The DeSantis-Newsom debate on Thursday night, moderated by Fox News’ Sean Hannity, drew strong reactions from social media users all over the political spectrum.

Governors Ron DeSantis (R-FL) and Gavin Newsom (D-CA) debated each other on the merits of their respective political ideologies in Alpharetta, Georgia. They took to the stage at 9 p.m. ET and went on for 90 minutes in a televised program officially named “The Great Red vs. Blue State Debate.”


In characteristic fashion, Donald Trump did not offer any comment at his Mar-a-Logo presser before the debate took place so as to avoid giving them free attention. Newsom is a natural rival to the 45th President, and DeSantis is currently trying to oust Trump from the top spot in the GOP roster for the 2024 election — but, as of writing, is still trailing him by almost 50 points.

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However, his campaign spokesman Steve Cheung sent out an email blast to Trump’s newsletter subscribers calling DeSantis a “thirsty, third-rate OnlyFans wannabe model” for debating “crackhead” Newsom instead of “actually campaigning” and alleged that DeSantis is a “shill for China and a CCP sympathizer.”

A reporter with Fox News asked a whole bar of people in Georgia who they think will win the election. Every single one of them responded “Trump.”

Ahead of the debate, senior politics editor at Politico Charles Mahtesian published an interesting piece about what the debate would signify.

“Boiled down to its essence, American politics has always been a story about population migration and its after-effects,” he wrote. “California’s growth was once so rapid that it picked up new House seats by the handful, decade after decade. Decennial reapportionment gave the state eight new House seats after the 1990 Census; after the 1960 Census, it picked up seven seats.”

However, this has all changed, and the facts don’t lie. “Today, for all its natural beauty and promise, it increasingly looks like a sclerotic, one-party state that is hemorrhaging population — it lost a House seat after the most recent census, for the first time in its 173-year history.”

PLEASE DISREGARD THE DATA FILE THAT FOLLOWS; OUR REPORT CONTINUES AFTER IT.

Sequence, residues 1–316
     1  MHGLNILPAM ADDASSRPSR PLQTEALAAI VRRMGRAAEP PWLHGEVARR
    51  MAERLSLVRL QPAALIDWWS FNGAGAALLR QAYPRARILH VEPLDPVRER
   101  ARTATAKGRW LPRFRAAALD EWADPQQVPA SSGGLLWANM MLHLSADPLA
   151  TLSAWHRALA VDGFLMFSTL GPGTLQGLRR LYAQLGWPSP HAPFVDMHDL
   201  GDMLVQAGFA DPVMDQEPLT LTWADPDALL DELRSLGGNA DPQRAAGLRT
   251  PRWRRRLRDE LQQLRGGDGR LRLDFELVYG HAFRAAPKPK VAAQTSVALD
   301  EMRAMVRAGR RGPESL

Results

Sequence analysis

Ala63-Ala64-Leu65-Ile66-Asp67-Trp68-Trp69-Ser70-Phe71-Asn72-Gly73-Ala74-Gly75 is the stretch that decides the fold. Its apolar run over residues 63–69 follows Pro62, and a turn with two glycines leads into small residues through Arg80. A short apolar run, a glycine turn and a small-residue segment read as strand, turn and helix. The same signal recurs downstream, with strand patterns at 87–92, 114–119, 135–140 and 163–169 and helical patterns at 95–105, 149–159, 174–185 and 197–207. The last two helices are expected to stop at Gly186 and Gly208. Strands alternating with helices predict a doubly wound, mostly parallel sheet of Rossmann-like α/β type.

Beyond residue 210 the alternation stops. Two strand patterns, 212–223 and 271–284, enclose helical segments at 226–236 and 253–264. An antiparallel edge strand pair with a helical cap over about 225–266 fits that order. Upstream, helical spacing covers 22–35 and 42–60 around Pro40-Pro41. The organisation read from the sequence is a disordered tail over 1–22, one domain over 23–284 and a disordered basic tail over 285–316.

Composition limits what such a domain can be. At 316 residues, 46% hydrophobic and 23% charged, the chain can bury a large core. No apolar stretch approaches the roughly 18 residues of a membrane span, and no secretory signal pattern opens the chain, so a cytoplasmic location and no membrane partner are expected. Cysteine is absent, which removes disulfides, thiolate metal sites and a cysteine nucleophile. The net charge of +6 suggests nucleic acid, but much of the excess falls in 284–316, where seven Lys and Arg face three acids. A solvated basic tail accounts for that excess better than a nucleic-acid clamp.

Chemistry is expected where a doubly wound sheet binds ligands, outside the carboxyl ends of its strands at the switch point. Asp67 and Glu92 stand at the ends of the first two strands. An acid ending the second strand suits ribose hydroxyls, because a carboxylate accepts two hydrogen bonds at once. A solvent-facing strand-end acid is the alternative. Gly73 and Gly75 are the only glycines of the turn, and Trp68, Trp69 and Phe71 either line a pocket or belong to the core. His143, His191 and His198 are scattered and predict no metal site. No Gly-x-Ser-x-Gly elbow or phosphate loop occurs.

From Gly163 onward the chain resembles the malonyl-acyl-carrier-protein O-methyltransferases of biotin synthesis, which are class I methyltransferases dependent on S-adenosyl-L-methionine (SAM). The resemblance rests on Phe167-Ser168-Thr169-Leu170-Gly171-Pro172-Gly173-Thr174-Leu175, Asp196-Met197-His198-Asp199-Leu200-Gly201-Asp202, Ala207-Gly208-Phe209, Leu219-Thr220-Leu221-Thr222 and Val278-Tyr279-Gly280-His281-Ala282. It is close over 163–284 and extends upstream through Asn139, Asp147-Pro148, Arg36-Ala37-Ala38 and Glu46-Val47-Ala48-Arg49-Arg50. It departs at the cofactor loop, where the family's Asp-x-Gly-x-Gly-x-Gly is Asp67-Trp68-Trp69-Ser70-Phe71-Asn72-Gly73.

But, Mahtesian counters, Florida currently seems to lack the “aspiration” that California had at its peak. Florida does not have a broad, century-reaching vision as California did in the 20th century, he argues. Instead, whenever it’s in the news, it’s often for divisive and parochial approaches to social issues rather than anything substantial. He does not find anything in DeSantis’ vision that promises to rival California’s status as the 5th largest economy in the world (a stat Newsom eagerly deployed within minutes of the debate starting).

The Debate

Dave Rubin quickly began chiming in, catching Newsom on his claim that California doesn’t have higher taxes.

He went on to call Newsom “the devil” and said his retelling of recent history was “nauseating.”

Andrew Follett, a senior analyst at the libertarian think tank Club For Growth, also seized on Newsom’s tax comments. “Working people” pay 4 TIMES MORE in taxes in California,” he stressed. “A single Californian making $50,000 would pay over $12k in taxes last year.”

Chris Loesch, the husband of former NRA spokeswoman Dana Loesch, said the debate was “the dismantling” of Newsom through simple statistical comparisons.

Greg Price, a communications staffer for the conservative State Freedom Caucus, provided a rapid fact check of the migratory patterns between the two states. For both 2021 and 2022, far more people migrated from California to Florida than the opposite.

Meanwhile, from the left side of the aisle, journalist and podcaster David Pakman via YouTube livestream complained throughout about the lack of structure and Sean Hannity’s biased moderating.

Possibly, most observant of all was digital strategist Eric Spracklen, who noted that the debate was barely catching attention on X.

“#debate is trending 8th behind topics from the NFL, NHL, and The Golden Bachelor,” he wrote.

The next morning, Patrick Bet-David offered his perspective on the event. In his opinion, Newsom excelled in many performative dimensions, not least his communication skills. His major area of weakness is data contradicting his worldview.

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